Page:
If you like this volume, try: the Ultimate Marvel Team-Up series from 2001 & 2002. The Ultimate universe was created by Marvel in the early 2000s as a way to tell stories featuring their most popular characters without the 40+ years of continuity weighing them down. The stories mirrored many of the original character stories, but told to match the modern society. For example, teenage Peter Parker did get a job at the Daily Bugle, but he was helping out on the paper’s website.  For Ultimate Marvel Team-Up, the entire series (16 issues and one special) is written by Brian Michael Bendis, with art from a variety of artists. These issues serve as a way to introduce many Marvel characters into the Ultimate Universe, so the first appearances of Ultimate Hulk, Ultimate Iron Man, Ultimate Daredevil, etc. My personal favorite was issue #14, where Spider-Man crossed paths with the Ultimate version of Black Widow. The art is done by Terry Moore (Strangers in Paradise) who was the perfect choice to show teenage awkwardness of Peter against the sleek beauty of Natasha. The entire series has been reprinted multiple times in multiple formats, so it should not be a challenge to track these issues down.

Essential Savage She-Hulk Vol. 1

Essential Savage She-Hulk Vol. 1

Essential Savage She-Hulk Vol. 1

First Published: July 2006

Contents: Savage She-Hulk #1 (February 1980) to #25 (February 1982)

Key Creator Credits: Stan Lee, John Buscema, David Anthony Kraft, Mike Vosburg, and others

Key First Appearances: Jennifer Walters/She-Hulk, William Morris Walters

Overview:  Jennifer Walters is a successful lawyer in southern California. While hosting her visiting cousin, Bruce Banner, Jennifer is shot by gangsters who want to keep her from bringing a case to court. In an effort to save his cousin, Bruce Banner gives Jennifer a blood transfusion, even though his blood is radiated with the gamma energy that helps turn Bruce into the Hulk. Days later while recovering in the hospital, the gangsters return to finish the job. Jennifer finds herself getting angry, and when she does, she starts to grow and turn green, and the She-Hulk is born.

While in her She-Hulk form, she finds she is not as strong as her cousin Bruce. Conversely, she is able to retain her full intelligence while in her She-Hulk form. Jennifer finds that she is more comfortable in life as She-Hulk, and starts spending more and more time in her jade identity.

The book develops a cast of characters that help round out the stories, but do not impact the rest of the Marvel Universe. However, several familiar faces from the Marvel Universe do cross paths with the She-Hulk. Iron Man makes two appearances; Richard Rory, usually seen in the pages of Man-Thing and Defenders, makes his way to California, and becomes a would-be love interest to Jennifer; and John Jameson, the astronaut-turned-Man-Wolf from Amazing Spider-Man, shows up in both of his identities.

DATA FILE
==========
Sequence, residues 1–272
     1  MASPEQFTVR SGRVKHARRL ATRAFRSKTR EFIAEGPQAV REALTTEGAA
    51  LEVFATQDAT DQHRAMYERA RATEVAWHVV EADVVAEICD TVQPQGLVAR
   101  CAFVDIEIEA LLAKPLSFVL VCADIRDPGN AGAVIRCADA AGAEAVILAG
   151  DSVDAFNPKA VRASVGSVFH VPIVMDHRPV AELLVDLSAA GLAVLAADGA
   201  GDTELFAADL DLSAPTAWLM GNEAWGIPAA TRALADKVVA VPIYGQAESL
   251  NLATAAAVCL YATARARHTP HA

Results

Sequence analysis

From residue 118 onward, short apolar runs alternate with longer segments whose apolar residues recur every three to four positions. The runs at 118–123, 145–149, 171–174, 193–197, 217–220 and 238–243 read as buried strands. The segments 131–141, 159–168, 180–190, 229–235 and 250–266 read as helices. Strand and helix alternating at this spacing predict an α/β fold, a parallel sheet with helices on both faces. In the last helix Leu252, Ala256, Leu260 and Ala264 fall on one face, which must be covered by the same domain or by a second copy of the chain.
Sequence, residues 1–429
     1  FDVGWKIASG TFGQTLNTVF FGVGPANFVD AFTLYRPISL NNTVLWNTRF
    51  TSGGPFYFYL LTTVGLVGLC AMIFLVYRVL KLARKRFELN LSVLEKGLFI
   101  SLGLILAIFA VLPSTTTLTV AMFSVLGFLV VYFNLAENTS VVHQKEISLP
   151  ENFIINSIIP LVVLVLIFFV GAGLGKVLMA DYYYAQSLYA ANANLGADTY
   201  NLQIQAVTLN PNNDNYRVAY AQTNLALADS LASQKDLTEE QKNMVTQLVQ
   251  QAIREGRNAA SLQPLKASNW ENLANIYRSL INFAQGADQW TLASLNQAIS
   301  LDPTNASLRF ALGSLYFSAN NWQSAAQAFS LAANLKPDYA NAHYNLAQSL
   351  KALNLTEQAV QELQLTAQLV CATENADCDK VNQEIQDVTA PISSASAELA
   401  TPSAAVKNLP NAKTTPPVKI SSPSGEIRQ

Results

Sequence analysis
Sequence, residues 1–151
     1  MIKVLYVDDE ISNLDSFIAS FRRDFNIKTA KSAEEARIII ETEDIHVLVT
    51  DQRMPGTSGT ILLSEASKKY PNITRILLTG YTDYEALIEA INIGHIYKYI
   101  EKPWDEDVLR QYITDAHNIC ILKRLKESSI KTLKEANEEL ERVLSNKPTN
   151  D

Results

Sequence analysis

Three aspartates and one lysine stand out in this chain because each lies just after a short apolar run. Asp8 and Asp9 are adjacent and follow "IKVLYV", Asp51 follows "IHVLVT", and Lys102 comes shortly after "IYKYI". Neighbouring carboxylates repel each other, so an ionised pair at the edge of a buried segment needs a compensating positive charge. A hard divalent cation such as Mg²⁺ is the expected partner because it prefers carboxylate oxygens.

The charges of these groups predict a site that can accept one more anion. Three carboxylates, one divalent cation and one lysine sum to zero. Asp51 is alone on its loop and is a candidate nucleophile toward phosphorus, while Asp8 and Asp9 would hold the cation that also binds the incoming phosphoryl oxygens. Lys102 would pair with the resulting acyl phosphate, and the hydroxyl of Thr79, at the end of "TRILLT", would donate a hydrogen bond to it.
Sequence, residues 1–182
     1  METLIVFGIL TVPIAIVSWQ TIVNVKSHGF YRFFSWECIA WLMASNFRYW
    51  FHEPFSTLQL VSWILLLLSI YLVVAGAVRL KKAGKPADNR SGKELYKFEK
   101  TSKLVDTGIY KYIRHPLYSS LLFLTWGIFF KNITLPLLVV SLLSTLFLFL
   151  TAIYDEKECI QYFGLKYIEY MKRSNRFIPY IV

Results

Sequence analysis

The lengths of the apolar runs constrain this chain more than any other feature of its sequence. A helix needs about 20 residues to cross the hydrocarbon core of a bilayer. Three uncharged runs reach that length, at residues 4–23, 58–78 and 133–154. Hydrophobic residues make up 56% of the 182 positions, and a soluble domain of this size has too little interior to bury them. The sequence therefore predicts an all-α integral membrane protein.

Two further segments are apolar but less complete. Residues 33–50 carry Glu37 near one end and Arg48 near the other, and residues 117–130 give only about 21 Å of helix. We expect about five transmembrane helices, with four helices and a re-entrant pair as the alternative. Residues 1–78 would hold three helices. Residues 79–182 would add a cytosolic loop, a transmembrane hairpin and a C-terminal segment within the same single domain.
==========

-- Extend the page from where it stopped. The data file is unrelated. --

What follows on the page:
What makes this Essential?: The creation of She-Hulk, and how she is used after the run of this title, is much more essential to the Marvel Universe than the 25 issues presented in this collection. Much like Spider-Woman before her, She-Hulk was created solely to protect Marvel from having a another comic book publisher creating a character with that name, by trying to sponge off of the Hulk property. Stan Lee came in to write the first issue, with art by John Buscema, and then the title was given over to David Anthony Kraft and Mike Vosburg to handle for the next two years. The stories by Kraft & Vosburg are adequate but not memorable. Much like her cousin wearing the purple pants with each transformation, She-Hulk ends up in a torn white dress that just manages to keep the Jade Giantess’ jades covered during her transitions and battles. The villains she fights are often the run-of-the-mill B- and C-List bad guys that would later be killed off by Scourge at the Bar With No Name in the pages of Captain America. This Essential is important for the reprint of issue #1, but that can be found in other collections. If you want to read the essential She-Hulk stories from the 1980s, read her stories in Avengers, Fantastic Four, and Sensational She-Hulk.

Footnotes: The She-Hulk title ended with issue #25 (February 1982), but her story was not finished yet. David Anthony Kraft teamed up She-Hulk with the Thing in Marvel Two-In-One #88 (June 1982), which can be found in Essential Marvel Two-in-One Vol. 4. The following month, She-Hulk joined the Avengers in issue #221 (July 1982).

If you like this volume, try: reading the two She-Hulk series from Dan Slott and friends. There have been several memorable runs of She-Hulk in her own title. In the late 1980s and early 1990s, The Sensational She-Hulk, in particular the John Byrne issues, broke the Fourth Wall to interact with the readers. And after Slott’s run on the second series from the 2000s, Peter David came on board and took her back to her super-hero roots. But in between, Dan Slott had 33 issues which brings in all the various aspects and approaches to Jennifer Walters and her other identity. In these series, Jennifer joins the prestigious law firm of Goodman, Lieber, Kurtzberg, & Holliway located at Timely Plaza in New York City. (That would be a hidden tribute to the early days of Marvel Comics, then known as Timely Comics, published by Martin Goodman, and early pioneers Stan Lee and Jack Kirby.) GLK&H specializes in super-hero (and villain) cases, and their offices are filled with comic books, which are used as research material. Our title character finally finds a happy place being able to split time between both of her personalities, realizing that each one helps make the other stronger. Slott’s run has been collected in multiple trade paperbacks and hard covers, so these should be easy to track down.

Showcase Presents Teen Titans Vol. 2

Showcase Presents Teen Titans Vol. 2

Showcase Presents Teen Titans Vol. 2

First Published: October 2007